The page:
Having visited the village on a brief trip before, me and our ‘Man in Kathmandu’ Ram decided it would be worthwhile returning. On our last visit we brought clothes donated in the UK. With winter coming we felt there was a need for more. Plus it gave us a chance to find out more and spend some time with these people that it seemed the world had forgotten. We planned to go despite a fuel crisis that meant getting around in Kathmandu was difficult enough, nevermind the 2 hour drive East on the Arinoko Highway out of the Kathmandu Valley.
So we started early and went shopping -120 kids winter survival kits (jumper, hat and gloves) to buy. These would go to two schools. It turns out 360 items of clothing make 2 big heavy bags, a nightmare on a bus and no chance of using the motorbike.
A taxi was ordered and took us out of smoggy Kathmandu and up into the mountains. The clothes were dropped at the start of the hike- the villagers would bring them up the mountainside. For us a simple 90 minute trek.
Upon reaching the village of Janajageran high on the mountainside we were met by the principle. A small, young chap with a big smile and a mild manner. We were led further up the track. Finally coming to his temporary home where we were invited to stay. It stood on its own on top of a crest. It seemed a lonely place to be.
Ram was off taking photos while I recovered from the climb, then I heard him shout me over.
As I round the building the whole village came into view. A gleaming mass of corrugated sheets, ramshackled buildings perched on this small plato high up on the mountainside.
The earthquake destroyed every building here, its violent shaking caused the mud and brick structures to collapse. All 19 homes were gone. There are 100 people living here. They moved into one big tent, there they lived together for a month.
One of the teachers whose house was lost is our chef for the evening. Over a mean Dhal Bat, chicken and beans no less, I was told her story. Her husband had gone to Qatar and sent back a years wages, with this they had recently built a new home. The earthquake turned it to rubble. He had never even seen his new home.
Over the evening Ram chats away to some village members occasionally translating. I understood the jist of the subjects tho – water, chicken, schools, teachers, volunteers. The evening drew to an end as it became colder and darker, by 9pm we had turned in.
After a bad nights sleep I was glad to see daylight break through the cracks in the building. Panchab (School principle) was off to fetch water, Ram was snoring – time for me to move. With a belly full of dhal bhat we headed off to see more of the village.
The villagers explained some of their problems – the main issue was a trickle of water ran from a pipe feeding the whole village. Pales waited to be filled. Without water the crops wouldn’t grow, chicken wouldn’t lay – the community stagnated as there was no work, no prospects, no chance of a better future.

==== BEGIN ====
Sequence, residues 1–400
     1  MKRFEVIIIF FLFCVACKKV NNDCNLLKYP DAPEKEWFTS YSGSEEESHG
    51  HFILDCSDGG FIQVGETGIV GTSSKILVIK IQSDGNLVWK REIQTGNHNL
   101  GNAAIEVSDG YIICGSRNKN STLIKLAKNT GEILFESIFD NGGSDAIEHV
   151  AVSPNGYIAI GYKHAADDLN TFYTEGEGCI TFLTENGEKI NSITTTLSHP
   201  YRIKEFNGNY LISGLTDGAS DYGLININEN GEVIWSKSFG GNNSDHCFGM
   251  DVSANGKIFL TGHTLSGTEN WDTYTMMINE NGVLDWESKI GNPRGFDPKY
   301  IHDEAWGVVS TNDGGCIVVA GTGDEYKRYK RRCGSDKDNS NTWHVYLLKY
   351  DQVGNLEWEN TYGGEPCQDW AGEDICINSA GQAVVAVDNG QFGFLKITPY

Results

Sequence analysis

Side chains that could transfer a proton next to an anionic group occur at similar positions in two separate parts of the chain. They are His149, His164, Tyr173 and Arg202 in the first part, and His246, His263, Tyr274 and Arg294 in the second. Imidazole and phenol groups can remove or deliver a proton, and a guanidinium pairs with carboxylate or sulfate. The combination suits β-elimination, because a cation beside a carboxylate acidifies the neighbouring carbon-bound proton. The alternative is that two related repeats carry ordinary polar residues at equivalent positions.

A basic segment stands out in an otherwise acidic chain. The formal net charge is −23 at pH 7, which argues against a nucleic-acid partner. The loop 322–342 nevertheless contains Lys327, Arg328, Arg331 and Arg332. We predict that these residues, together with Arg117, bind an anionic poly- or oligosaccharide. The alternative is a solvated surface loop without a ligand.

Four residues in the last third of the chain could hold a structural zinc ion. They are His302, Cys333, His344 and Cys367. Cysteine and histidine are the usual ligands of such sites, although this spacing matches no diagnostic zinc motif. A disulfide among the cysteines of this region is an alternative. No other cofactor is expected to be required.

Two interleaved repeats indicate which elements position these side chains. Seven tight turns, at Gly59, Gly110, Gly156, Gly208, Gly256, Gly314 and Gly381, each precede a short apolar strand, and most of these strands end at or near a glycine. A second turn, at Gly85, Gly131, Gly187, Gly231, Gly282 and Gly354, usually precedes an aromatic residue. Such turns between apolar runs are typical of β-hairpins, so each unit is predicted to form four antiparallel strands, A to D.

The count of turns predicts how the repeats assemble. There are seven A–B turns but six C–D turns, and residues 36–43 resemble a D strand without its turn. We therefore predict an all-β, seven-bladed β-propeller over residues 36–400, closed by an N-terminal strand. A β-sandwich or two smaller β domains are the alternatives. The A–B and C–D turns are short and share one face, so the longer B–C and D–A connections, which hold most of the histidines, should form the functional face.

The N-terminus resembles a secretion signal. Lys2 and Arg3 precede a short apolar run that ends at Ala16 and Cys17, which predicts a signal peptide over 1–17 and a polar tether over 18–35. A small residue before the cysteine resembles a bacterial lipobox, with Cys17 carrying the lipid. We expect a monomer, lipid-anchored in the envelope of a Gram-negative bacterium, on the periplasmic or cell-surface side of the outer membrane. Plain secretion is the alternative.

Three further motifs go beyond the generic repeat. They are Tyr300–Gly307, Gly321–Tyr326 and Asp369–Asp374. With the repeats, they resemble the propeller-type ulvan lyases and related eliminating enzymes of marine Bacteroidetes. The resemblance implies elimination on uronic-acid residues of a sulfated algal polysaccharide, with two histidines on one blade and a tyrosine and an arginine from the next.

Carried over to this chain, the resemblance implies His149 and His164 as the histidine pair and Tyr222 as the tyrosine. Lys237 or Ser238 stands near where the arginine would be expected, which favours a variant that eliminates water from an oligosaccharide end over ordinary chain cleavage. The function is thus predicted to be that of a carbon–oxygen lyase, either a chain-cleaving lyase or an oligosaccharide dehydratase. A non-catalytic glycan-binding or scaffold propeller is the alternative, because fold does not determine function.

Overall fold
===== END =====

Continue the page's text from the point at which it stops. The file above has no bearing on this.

We decided to stay another night. Giving Ram time to ask more of the important questions and for us to explore further. Plus a chance to try the locals tipple Rocksee (just to be sociable of course!)
Another early start. We traversed across the mountainside to the nearest town. Here the principle of the secondary school met us. It was clear to see the earthquake had devastated this town too, rubble at every corner of the cross-roads that had let to its growth.
Again, we heard how the town was struggling. How the government had delivered no support. The school that was set above the village had no drinking water for its 250 pupils (we’ll be sending out water filters as soon as possible). We asked to have a look and were led further up the mountain to where the school sat, cracks on every wall, empty dusty classrooms. Not an environment conducive to a good education!
We were told about a womens group and the cooperative they had setup. I needed to hear a positive story and this seemed the ideal tonic. 20 women put in 100NPR (70 pence) a month – this could be loaned by any of the women to help them buy seeds, chicken, rebuild homes or whatever they needed. It had to be paid back in 3 months and there was a small interest charge. So far no-one had defaulted and it was working well. With some ideas and advice – they could hope for more. Ram spoke at length about investing in training and the women were clearly grateful of the advice. (NB – they need a new roof for the meeting room too though).
Having learnt so much and met so many kind-hearted people in such a struggle we discussed where the Nepal Foundations limited resources could help best. Decisions that cannot be made easily. Whatever we decide we need funds to implement them, so please do donate. www.nepalfoundation.uk/donate – theres a button at the bottom.
We visited other schools on this trip. Both were in a bad condition but they had received some help and had some basic things. The bamboo building of Janajagriti School housed 4 classes. The other we went in-front of the students to lead a couple of classes and found it difficult. The standard of teaching is poor, many teachers hitting students.
This trip was to the Kavre region. Our plan was to visit schools at Janajageran and Janajagriti. We saw a lot more though!
Taxi to [Ram to add], Kavre Region – Night in Janajagaeran – Visit to Chandeni Mandar VDC [Ram to check] – Womens Community Group – Primary school – Clothes distributed at Janajagaeran School – 2nd Night in Janajagaeran – Clothes distributed at Janajagriti – Bus to KTM